Everyone knows what travel is. There’s not a lot to explain: you buy a ticket, go somewhere, have fun. End of story.
In fact, most things can be explained in this straightforward manner. For instance, everyone knows how cars work: you put gas in, drive around, have fun.
Every year, millions of people go abroad in search of adventure.
Some have such a miserable time they’ll never travel again, yet others claim travel is their favorite pastime. Some say they’ve had so fantastic an experience, it’s changed their lives – even after losing half their luggage and surviving an illness unknown to Western medicine.
What went right? Clearly, travel really isn’t as simple a process as it seems.
Just as going to a party is no guarantee for having a good time, spending a week in some distant setting won’t automatically deliver everything the travel brochure promised.
If simply “going someplace” is all it takes to enjoy ourselves, we should be in the throes of ecstasy every morning we get up and hit the road for work. But it doesn’t work like that – something else is going on here.
In fact, it’s safe to say that:
What’s missing in the formula?
The Missing Element
I’ve never been very good at math – and I’m grateful, because it’s precisely that reason which helped me gain insight into the equation of happiness.
One day at age 16, I came home with algebra homework that had me completely lost. My grandfather sat me down and started working through the formulas with me, but still I failed to grasp it. He stopped for a moment, then looked at me and said:
“You know, I enjoyed algebra when I was a boy, because I saw myself as a detective, and the problems as mysteries. Now, you have to use the right tools in the right order – you can’t take fingerprints without dusting, for instance. If you go through each step, you eliminate suspects until you finally get the culprit and solve the crime.”
I wasn’t a huge fan of mysteries either, but it didn’t matter. I had a new way of thinking about the material, one which showed it in a completely different light.
From then on, I treated my homework not as “work,” but mysteries. My grades shot up like rockets, and I found myself actually enjoying math!
The scenario hadn’t changed, but had been redefined in a manner I could relate to. My early difficulty and later success were based on the inner perspectives that framed them.
Based on this experience, I learned that our inner attitudes dictate our relationships to things – and that these relationships can be changed to our advantage.
The Traveler/Tourist Illusion
Travelers see themselves as active seekers of fresh experiences, flexible in adopting new outlooks. Many of them thumb their noses at tourists, who seem outwardly unwilling to change their perspectives, preferring that the experience cater to their preconceived notions.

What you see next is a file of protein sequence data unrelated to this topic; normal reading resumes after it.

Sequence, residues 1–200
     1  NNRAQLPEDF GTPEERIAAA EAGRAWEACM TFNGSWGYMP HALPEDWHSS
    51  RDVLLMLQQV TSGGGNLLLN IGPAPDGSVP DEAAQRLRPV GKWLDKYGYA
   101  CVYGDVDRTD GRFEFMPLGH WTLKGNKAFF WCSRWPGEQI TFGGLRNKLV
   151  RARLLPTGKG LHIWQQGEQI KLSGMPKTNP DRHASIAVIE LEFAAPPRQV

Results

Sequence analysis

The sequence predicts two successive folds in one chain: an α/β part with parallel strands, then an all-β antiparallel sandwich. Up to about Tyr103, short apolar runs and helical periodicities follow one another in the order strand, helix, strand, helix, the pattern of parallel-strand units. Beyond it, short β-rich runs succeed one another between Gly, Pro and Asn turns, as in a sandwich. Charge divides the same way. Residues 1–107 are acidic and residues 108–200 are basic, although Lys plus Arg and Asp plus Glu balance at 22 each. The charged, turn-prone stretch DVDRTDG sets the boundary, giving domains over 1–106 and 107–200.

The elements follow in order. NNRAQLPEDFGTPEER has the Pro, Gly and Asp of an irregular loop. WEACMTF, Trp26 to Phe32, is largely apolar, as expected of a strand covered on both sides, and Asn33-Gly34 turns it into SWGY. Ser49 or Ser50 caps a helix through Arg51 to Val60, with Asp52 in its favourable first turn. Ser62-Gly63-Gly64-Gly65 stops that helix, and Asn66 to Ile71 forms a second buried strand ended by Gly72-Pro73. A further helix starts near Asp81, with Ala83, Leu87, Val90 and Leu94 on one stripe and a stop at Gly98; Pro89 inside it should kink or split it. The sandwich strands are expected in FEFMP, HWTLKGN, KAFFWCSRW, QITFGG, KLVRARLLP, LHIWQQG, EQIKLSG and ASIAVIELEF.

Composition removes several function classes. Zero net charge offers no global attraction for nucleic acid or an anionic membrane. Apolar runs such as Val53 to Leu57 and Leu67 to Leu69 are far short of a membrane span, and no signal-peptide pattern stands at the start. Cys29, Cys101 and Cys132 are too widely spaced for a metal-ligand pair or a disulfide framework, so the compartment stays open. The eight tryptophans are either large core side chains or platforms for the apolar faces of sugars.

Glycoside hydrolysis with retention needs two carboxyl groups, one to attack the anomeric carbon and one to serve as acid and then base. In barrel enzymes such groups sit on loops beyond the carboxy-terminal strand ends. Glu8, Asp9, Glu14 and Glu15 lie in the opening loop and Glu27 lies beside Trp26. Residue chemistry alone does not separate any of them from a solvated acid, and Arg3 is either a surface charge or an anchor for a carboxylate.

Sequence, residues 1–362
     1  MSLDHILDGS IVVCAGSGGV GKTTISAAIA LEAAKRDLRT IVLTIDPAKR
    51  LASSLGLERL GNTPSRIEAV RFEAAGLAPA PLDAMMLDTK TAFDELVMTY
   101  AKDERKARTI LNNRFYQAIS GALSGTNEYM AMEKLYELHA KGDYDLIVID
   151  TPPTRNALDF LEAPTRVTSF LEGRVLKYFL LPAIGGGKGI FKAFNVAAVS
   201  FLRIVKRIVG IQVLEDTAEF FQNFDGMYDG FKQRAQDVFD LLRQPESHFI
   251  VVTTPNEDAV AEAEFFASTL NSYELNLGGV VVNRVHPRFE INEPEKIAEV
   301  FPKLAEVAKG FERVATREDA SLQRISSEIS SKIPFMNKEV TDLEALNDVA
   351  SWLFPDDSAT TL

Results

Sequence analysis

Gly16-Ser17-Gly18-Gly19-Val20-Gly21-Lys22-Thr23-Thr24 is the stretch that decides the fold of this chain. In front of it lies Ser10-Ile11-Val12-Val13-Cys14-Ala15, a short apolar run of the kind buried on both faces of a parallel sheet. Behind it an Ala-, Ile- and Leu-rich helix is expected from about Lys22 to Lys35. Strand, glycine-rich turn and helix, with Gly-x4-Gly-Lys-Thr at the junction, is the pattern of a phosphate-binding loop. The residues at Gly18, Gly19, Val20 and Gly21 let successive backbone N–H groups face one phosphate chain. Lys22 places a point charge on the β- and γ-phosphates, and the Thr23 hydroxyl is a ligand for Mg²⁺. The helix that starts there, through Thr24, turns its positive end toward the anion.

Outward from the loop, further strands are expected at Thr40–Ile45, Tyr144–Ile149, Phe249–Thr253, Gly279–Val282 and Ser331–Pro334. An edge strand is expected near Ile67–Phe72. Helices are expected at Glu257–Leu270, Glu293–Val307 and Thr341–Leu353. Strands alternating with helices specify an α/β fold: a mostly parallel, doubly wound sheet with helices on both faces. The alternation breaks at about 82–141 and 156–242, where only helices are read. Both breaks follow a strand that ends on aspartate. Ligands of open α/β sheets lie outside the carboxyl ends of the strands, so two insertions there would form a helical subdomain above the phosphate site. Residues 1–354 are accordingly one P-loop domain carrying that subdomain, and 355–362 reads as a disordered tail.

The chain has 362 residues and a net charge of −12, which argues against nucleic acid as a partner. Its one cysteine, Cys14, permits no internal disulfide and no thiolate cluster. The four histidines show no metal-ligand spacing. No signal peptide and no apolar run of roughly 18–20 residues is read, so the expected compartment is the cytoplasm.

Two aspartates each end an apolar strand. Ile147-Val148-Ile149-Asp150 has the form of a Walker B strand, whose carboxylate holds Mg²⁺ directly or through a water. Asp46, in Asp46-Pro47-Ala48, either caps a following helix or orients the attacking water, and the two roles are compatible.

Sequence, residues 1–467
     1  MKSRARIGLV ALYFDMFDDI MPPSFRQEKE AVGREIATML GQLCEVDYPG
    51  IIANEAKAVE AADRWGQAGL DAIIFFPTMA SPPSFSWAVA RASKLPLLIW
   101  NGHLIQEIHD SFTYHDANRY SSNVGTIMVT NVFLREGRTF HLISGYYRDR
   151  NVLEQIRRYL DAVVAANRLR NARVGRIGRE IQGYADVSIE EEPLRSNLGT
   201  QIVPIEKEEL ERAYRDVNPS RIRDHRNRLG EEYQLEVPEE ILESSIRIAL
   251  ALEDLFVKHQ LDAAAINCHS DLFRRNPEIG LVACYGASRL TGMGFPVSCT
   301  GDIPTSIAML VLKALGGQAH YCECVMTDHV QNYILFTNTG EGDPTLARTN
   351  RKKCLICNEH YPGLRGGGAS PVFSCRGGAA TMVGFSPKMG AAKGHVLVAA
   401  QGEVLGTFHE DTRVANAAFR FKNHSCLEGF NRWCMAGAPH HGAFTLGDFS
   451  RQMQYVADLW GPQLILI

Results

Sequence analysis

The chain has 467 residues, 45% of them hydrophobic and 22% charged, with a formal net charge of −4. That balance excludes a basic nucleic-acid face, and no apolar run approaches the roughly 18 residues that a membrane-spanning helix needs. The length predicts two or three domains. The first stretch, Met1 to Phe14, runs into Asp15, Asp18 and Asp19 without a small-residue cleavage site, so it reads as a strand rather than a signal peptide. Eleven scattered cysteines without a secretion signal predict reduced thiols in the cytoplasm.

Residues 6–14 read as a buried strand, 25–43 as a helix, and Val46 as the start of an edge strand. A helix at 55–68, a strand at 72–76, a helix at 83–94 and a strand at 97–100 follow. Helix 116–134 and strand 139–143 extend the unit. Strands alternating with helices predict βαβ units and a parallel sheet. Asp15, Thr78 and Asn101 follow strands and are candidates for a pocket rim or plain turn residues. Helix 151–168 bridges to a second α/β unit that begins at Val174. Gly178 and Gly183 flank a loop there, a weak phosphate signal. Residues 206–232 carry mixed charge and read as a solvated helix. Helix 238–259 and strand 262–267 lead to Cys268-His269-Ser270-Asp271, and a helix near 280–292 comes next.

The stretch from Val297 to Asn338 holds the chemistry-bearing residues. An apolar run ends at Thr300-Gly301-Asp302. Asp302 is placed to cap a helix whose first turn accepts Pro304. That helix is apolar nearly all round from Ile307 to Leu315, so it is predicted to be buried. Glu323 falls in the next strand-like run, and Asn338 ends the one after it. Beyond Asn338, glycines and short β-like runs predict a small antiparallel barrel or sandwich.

But it’s impossible to recognize attitude by outer appearance, and so the “traveler/tourist distinction” becomes an exercise in snobbery.
This isn’t to say some people aren’t ignorant – only that it can’t be pinned to any group of people or their activities.
The man in the Hawaiian shirt may strike up a conversation with a native – and, from that empathy, find his entire worldview completely rearranged. This man has traveled, while a backpacker “keeping it real” on a sparse budget may only be touring his own preferences.
The role is illusory – the difference is in attitude.
For those seemingly anchored to familiar islands of perspective, they remind me of my struggles with math. They lack a means of insight to a more enriching experience.
But no one – certainly not I – can claim their perspectives are in all ways superior, nor can we abandon our ingrained ways with equal ease. The key to insight is dialogue: remaining open to new ideas, tolerating difference, and helping one another see more.
Most importantly, it’s clear that difference in insight isn’t limited strictly to travel as we define it.
What we consider travel is both inner and outer experience – not at all the traditional idea of getting away from it all, it’s really about getting to something new, within ourselves. The external venture is essentially a vehicle for an internal discovery.
Potentially, there is just as much potential for inner travel at home – volunteering for a community program, talking to someone from a distant place, even taking “the road less traveled” to work.
It’s all in what you look for: uncovering your potential in a physical or mental pursuit is more of a journey than going to Paris and seeing nothing.
There may be more travel in a sudden moment of realization than in a hundred thousand frequent flyer miles.
The art of travel is about making contact with the Moment: a timeless instance of profound awareness.
It may be frightening, demanding – it may have nothing at all to do with what you consider pleasurable. But what makes travel possible is your eagerness to become something more than the sum of your habits.
It’s the desire to step beyond your everyday bubble of comfort to see what’s outside.
However you reach it, whatever you discover: the essence of travel is self-discovery, exploring the limits of your world to finally arrive at your sense of meaning.
Phil Cousineau, in The Art Of The Pilgramage, says:
“If we truly want to know the secret of soulful travel, we need to believe that there is something sacred waiting to be discovered in virtually every journey.”
This equation adds up.
What do you think about this definition of inner travel? Share your thoughts in the comments!
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